He is, following studies at the School of Industrial Arts and the School of Fine Arts in Geneva, one of the young talents at the turn of the century exhibiting their work in Geneva and throughout the rest of Switzerland. Hodler recommends him for a 1918 show in Zurich: “Amongst the young he is one of the most individual and most expressive. All his works have style and character. He looks for the harmony of forms and his colour is very harmonious. For my part, I know lots of things by him that are really good.”
Like numerous artists in the late 19th century, Schmidt is influenced by music, in particular by Émile Jaques-Dalcroze’s theory of rhythm. In 1909 he is selected to show at Munich’s International Fine Arts Exhibition and the following year exhibits in Budapest along with Cuno Amiet.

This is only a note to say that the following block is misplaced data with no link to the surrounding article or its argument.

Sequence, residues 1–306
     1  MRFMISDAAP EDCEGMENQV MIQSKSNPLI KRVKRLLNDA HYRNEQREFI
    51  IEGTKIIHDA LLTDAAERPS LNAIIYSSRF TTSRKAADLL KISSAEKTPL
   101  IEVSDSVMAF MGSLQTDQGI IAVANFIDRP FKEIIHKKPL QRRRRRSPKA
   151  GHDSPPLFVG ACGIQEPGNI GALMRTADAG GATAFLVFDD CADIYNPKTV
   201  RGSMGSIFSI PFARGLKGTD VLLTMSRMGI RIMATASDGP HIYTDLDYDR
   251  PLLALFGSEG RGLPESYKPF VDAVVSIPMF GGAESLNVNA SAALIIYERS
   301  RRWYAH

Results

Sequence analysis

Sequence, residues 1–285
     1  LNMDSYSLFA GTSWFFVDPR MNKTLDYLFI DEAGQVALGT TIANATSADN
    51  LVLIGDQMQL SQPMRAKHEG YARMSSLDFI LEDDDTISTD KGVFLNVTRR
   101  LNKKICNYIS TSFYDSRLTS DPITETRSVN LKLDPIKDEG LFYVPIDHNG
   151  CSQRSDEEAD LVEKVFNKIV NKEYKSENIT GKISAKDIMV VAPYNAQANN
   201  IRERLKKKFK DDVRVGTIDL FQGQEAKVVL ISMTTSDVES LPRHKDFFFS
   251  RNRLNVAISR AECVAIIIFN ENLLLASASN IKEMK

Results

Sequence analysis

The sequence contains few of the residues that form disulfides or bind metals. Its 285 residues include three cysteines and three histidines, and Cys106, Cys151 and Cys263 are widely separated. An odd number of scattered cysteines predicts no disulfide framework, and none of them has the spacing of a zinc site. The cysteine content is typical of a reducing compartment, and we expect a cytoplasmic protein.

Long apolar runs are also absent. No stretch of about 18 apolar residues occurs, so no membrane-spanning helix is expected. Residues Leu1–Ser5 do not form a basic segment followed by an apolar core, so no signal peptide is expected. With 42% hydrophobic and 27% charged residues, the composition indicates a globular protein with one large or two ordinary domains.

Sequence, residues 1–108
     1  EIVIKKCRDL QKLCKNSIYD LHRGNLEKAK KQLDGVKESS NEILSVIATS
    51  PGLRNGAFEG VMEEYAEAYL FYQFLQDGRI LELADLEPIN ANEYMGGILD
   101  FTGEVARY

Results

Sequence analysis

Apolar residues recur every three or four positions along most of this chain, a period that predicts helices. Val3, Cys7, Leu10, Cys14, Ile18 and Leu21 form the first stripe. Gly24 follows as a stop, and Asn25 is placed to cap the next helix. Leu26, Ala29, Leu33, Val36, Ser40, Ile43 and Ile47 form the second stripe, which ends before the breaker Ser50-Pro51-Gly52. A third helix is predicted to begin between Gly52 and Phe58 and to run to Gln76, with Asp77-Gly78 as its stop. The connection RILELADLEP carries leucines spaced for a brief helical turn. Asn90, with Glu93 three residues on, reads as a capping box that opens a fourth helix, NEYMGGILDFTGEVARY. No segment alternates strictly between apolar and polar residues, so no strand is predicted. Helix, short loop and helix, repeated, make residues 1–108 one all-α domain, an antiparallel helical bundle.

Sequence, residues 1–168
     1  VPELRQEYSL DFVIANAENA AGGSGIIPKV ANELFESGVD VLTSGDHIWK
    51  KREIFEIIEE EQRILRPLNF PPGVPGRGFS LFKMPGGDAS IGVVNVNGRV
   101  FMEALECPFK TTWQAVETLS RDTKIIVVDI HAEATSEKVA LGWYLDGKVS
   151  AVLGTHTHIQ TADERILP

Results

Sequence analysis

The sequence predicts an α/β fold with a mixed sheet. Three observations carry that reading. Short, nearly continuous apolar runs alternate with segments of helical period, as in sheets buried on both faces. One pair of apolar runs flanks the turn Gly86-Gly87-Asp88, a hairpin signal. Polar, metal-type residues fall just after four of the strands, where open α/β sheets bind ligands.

Although Schmidt is dedicated to his art, the death of his father in 1912 forces him to take over the family’s small painting and plastering business, which he runs whilst continuing to practice his craft. In 1960, seven years after the death of his wife, the renowned painter and enamel-list Berthe Schmidt-Allard, he sells the business, a new phase that allows him to devote his time completely to painting. He dies in Geneva in 1970, leaving behind a modernist oeuvre that is too often relegated to the shadow cast by his eminent teacher.